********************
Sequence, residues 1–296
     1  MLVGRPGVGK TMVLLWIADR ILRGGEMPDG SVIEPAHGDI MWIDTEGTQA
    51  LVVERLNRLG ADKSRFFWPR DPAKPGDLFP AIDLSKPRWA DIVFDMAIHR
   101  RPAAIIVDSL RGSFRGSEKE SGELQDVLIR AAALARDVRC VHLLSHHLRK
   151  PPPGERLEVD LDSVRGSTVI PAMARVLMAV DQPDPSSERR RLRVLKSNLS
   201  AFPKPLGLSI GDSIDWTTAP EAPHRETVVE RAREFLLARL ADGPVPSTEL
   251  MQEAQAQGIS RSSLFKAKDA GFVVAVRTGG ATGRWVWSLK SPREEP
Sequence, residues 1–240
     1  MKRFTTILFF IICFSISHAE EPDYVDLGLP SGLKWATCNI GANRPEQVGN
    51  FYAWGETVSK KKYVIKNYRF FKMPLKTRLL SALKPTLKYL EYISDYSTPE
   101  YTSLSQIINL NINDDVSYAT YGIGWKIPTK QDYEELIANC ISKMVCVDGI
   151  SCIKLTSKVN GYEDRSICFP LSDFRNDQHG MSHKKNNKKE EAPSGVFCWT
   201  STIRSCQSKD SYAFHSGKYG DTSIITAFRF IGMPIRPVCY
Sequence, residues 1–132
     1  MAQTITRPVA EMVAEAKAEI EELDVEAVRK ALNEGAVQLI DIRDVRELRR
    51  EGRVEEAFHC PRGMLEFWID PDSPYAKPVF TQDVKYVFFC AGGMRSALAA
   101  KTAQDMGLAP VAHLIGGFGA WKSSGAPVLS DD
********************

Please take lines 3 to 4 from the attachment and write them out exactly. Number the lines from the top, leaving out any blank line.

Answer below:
    51  LVVERLNRLG ADKSRFFWPR DPAKPGDLFP AIDLSKPRWA DIVFDMAIHR
   101  RPAAIIVDSL RGSFRGSEKE SGELQDVLIR AAALARDVRC VHLLSHHLRK